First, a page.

• (4.0) 5 reviews
  • MSRP: $49,679$66,883
  • Body Style: Convertible
  • Engine: 288-hp, (electric)
  • Drivetrain: Rear-wheel Drive
  • Transmission: 1-speed automatic
  • Seats: 2
2011 Tesla Roadster

Our Take on the 2011 Tesla Roadster

Our Take

The Tesla Roadster combines the performance of a high-end sports car — it can accelerate from zero to 60 mph in 3.9 seconds, according to the automaker — with the environmental friendliness of an all-electric drivetrain that emits zero emissions.Built in limited numbers, the Roadster... Read Full Report

What We Don't Like

  • Expensive
  • Not available everywhere
  • Battery is costly to replace ($12,000)
  • Unknown reliability
  • No side airbags or electronic stability system

Notable Features

  • All-electric sports car
  • 288-hp electric motor
  • Lithium-ion battery pack
  • Removable soft-top
  • Rear-wheel drive
  • Modified front and rear styling
  • Optional Infotainment Group

Reviews

Consumer Reviews

4.0

Average based on 5 reviews

Write a Review

Fantastic sportscar

by Normandy from Texas on November 16, 2012

The Tesla Roadster is a fantastic sports car, but it is a sports car. One would have spend at least $100k more that the price of a Tesla for a car with better performance at legal speeds. Acceleration... Read Full Review

2 Trim Levels Available

Wondering which configuration is right for you?
Our 2011 Tesla Roadster trim comparison will help you decide.

Safety

Crash-Test Reports

Recalls

Great news! There are currently no known recalls on 2011 Tesla Roadster.


Service & Repair

Estimated Service & Repair cost: $3,900 per year.

Warranty Coverage

Bumper-to-Bumper

36mo/36,000mi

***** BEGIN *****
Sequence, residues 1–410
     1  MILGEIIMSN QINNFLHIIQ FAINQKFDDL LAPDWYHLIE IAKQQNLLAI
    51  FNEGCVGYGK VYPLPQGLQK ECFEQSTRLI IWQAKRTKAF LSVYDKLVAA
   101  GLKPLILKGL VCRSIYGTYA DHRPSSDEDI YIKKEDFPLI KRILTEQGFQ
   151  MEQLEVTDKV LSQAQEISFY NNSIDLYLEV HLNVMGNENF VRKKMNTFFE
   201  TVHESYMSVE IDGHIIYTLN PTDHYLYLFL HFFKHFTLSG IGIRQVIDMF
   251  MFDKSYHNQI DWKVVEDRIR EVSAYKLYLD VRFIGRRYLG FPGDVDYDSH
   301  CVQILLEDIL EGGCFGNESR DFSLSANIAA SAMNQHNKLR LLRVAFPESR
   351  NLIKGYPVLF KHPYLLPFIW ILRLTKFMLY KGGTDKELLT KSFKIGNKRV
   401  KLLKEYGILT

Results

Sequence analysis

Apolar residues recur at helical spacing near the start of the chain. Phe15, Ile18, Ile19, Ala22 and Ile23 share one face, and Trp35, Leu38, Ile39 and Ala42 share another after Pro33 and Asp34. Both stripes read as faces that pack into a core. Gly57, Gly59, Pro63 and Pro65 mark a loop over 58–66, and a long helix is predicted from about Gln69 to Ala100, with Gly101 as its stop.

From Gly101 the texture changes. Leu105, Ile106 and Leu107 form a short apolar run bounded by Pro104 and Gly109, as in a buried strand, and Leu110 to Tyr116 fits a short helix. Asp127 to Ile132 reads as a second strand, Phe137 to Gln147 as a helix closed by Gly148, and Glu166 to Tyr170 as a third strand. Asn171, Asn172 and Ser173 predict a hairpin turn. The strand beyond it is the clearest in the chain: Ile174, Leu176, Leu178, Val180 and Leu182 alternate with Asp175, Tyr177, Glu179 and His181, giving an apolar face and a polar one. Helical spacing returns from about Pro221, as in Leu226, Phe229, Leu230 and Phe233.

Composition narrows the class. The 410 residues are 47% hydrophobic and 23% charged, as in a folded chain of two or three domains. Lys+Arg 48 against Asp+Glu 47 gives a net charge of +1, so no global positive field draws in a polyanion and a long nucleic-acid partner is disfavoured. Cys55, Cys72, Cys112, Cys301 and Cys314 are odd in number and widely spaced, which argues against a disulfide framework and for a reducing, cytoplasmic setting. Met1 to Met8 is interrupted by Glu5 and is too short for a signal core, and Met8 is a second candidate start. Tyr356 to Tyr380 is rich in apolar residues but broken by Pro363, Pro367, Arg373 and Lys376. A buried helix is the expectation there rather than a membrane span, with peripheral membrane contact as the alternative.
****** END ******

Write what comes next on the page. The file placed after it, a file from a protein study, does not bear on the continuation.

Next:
Powertrain

36mo/36,000mi

Roadside Assistance Coverage

36mo/36,000mi

What you should get in your warranty can be confusing. Make sure you are informed.

Learn More About Warranties

Warranties Explained

Bumper-to-Bumper

Often called a basic warranty or new-vehicle warranty, a bumper-to-bumper policy covers components like air conditioning, audio systems, vehicle sensors, fuel systems and major electrical components. Most policies exclude regular maintenance like fluid top offs and oil changes, but a few brands have separate free-maintenance provisions, and those that do offer them is slowly rising. Bumper-to-bumper warranties typically expire faster than powertrain warranties.

Powertrain

Don't be misled a 10-year or 100,000-mile powertrain warranty doesn't promise a decade of free repairs for your car. It typically covers just the engine and transmission, along with any other moving parts that lead to the wheels, like the driveshaft and constant velocity joints. Some automakers also bundle seat belts and airbags into their powertrain warranties. With a few exceptions, powertrain warranties don't cover regular maintenance like engine tuneups and tire rotations.

Roadside Assistance

Some automakers include roadside assistance with their bumper-to-bumper or powertrain warranties, while others have separate policies. These programs cover anything from flat-tire changes and locksmith services to jump-starts and towing. Few reimburse incidental costs like motel rooms (if you have to wait for repairs).

Free Scheduled Maintenance

Some automakers include free scheduled maintenance for items such as oil changes, air filters and tire rotations. Some include consumables including brake pads and windshield wipers; others do not. They are typically for the first couple of years of ownership of a new car.